As the year is coming to an end we’re starting to see the classes second pieces completed and made ready for the year-end show. I’ve had a bench next to and good man named Christian who brought his family over from Denmark so he could study here at Inside Passage. He decided to follow in his grandfather’s footsteps who was a furniture maker as well. Christian said that one thing he remembers about his grandfather was that he always genuinely enjoyed his work and found satisfaction in what he did. That will be something different for us all, but is a good lesson to learn and apply no matter where we are in life. He said he wanted his kids to see what he saw in his grandfather…satisfaction in a good days work at something you enjoy to do.

His project is simple and clean, very danish. All of our projects are built on the skills we have learned up to this point. He designed a box to house his wooden planes, but as the project progressed it turned into a box for his chisels, it just seemed a bit more practical. Something to use in his shop or take on the road if the opportunity comes up. It is made of boxwood, eastern maple and brass. He used the same method as in my cabinet with the shop sawn veneers and shop made substrate, which again allows for tight tolerances while avoiding most of the seasonal wood movement.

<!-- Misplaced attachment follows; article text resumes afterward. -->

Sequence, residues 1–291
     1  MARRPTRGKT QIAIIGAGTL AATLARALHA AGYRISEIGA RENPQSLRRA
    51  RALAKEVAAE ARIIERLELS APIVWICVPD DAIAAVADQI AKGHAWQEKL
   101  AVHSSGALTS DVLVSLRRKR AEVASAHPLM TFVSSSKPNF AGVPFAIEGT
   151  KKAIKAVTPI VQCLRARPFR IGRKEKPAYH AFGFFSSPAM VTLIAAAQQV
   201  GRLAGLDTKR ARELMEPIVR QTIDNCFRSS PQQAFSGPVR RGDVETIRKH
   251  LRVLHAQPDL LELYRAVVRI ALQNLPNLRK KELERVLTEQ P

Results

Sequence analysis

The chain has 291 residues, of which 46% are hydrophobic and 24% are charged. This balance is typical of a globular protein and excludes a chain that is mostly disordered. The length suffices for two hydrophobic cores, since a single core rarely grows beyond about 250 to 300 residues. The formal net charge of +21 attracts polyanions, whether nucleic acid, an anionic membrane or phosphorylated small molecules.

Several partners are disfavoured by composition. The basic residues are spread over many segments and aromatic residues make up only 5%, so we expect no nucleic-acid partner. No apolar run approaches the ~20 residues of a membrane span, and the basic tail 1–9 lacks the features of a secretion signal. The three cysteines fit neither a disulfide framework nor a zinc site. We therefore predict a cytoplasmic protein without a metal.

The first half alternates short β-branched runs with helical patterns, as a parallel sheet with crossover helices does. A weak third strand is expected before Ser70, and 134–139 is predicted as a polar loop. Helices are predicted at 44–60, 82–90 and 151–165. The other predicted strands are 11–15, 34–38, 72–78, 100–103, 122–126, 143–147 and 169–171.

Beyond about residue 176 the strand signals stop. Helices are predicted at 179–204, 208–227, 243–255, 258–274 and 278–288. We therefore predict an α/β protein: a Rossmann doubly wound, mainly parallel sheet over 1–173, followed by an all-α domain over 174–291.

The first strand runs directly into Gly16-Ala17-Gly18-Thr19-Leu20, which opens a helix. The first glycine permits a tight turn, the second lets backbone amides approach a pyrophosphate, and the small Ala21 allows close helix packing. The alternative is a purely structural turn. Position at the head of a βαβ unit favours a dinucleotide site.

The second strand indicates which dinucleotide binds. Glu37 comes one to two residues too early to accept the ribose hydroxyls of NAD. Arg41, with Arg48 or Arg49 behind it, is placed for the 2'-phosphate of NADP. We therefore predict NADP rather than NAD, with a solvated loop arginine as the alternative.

A brass pin was made so that when the lid shuts it ensures the seam will forever be flush the entire length of the lid.

Cheers;)


Ok

It’s one of those peaceful lazy days here in Roberts Creek, my lady is back in our hometown for a visit so it’s just Elliot and myself. And it’s Sunday, our day off, it’s a little gray and there is still a bit of cool crispness in the air, although I’m excited all the trees and shrubs are showing their signs that warmer days are soon to come.

The last week has been good to me, I have been able to see my pile of meticulously gone over parts assembled, to form the bones of my cabinet.